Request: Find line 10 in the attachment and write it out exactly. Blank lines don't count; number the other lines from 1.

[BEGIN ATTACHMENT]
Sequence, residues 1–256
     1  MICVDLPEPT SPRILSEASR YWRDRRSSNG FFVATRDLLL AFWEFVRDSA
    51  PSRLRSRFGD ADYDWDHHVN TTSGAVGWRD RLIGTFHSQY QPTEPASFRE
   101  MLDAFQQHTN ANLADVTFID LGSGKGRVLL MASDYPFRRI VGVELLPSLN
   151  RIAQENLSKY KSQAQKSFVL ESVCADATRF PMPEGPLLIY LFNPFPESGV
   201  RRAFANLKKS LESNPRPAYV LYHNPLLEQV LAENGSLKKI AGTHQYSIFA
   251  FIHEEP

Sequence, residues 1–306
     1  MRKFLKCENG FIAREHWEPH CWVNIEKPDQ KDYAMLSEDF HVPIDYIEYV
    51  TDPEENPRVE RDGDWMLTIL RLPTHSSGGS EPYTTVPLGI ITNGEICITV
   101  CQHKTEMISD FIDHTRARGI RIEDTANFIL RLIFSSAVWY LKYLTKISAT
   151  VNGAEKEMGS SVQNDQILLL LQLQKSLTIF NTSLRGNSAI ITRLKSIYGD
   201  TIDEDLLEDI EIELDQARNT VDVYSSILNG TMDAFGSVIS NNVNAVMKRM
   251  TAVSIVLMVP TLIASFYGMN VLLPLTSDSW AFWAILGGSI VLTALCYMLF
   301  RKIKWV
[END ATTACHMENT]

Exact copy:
    51  TDPEENPRVE RDGDWMLTIL RLPTHSSGGS EPYTTVPLGI ITNGEICITV